By 1865, it seemed self-evident that American emancipation resonated with biblical emancipation in powerful ways. But it had not always been so: This new resonance of meaning captured the hearts of American Jews only during the vicissitudes of the Civil War. Before the Civil War, most American Jews did not oppose slavery. There were exceptions, but most Jews voted Democrat, and Democrats were tolerant of slavery. The anti-slavery parties were tarred with nativism, which was distasteful and threatening to a Jewish community composed largely of immigrants and first-generation Americans. And many, including such luminaries as the Reform rabbi Isaac Mayer Wise and the Orthodox rabbi Morris Raphall, considered acceptance of American slavery consonant with the Bible, which documents slavery and sets parameters for its practice within the Israelite community.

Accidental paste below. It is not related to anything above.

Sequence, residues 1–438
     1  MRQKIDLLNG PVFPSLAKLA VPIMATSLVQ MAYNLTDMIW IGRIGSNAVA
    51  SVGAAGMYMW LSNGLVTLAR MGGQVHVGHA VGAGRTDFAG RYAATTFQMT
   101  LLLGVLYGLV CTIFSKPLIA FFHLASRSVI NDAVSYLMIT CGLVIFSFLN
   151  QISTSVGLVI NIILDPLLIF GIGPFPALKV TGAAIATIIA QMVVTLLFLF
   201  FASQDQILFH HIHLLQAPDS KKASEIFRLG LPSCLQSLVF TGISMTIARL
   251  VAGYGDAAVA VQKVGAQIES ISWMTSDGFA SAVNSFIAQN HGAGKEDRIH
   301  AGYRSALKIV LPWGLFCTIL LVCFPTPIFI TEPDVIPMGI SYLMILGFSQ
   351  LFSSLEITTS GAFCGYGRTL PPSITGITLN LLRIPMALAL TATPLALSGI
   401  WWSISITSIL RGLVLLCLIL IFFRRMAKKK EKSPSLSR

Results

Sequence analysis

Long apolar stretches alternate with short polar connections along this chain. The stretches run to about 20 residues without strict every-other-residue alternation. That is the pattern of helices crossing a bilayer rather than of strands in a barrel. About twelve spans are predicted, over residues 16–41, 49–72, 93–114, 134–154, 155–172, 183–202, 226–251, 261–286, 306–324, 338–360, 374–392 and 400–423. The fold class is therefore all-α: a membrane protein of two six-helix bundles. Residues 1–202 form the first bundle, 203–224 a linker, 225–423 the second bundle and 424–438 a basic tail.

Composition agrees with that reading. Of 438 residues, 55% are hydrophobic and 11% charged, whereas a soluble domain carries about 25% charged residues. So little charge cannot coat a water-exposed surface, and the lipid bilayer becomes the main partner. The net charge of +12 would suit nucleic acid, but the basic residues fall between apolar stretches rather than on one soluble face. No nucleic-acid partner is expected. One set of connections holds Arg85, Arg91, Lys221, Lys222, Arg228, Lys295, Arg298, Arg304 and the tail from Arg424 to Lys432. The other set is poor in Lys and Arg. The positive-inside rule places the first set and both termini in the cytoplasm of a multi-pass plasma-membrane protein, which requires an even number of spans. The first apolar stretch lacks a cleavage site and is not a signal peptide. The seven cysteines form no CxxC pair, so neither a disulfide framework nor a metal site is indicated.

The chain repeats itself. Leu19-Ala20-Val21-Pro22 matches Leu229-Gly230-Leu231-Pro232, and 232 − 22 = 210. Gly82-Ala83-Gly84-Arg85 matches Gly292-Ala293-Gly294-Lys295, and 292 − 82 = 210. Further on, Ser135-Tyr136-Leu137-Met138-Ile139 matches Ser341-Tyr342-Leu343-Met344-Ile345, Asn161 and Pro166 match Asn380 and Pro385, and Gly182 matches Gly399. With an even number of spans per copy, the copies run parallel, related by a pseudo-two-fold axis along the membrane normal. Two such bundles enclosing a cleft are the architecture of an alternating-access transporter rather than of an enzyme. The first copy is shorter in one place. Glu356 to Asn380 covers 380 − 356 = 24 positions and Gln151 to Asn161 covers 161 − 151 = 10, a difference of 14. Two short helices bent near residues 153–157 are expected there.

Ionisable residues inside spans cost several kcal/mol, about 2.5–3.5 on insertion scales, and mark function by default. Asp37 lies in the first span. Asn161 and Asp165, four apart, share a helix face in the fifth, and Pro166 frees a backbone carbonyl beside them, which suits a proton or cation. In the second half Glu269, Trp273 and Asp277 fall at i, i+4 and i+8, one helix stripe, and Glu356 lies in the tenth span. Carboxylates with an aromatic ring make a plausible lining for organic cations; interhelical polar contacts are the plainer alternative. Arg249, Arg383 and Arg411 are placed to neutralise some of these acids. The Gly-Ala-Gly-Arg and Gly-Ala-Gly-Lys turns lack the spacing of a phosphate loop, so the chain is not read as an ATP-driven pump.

Helena survived three concentration camps and when the last one was liberated she was flown by the Red Cross to a hospital in Sweden. She was 5’4″ and weighed 52 lbs. Her roommate in the hospital, a fellow survivor, knit the sweater for her while they were there. She told me she has worn that sweater every Passover since.
At every Passover seder of my childhood, my father Gershon Glausiusz would break the middle matzah, as the Haggadah instructed, place one half in an embroidered bag, and fling the bag over his shoulder, saying, “This is how we carried our possessions when we went into exile.” He was talking of his own deportation…
For many Jews, Passover is about what you can’t eat. Those who observe the holiday’s dietary rules must avoid chametz: wheat, rye, spelt, barley or oats. But because these ingredients—with the exception, sometimes, of oats—also happen to be the primary sources of gluten in our food, the Passover diet and the gluten-free diet actually look a lot alike.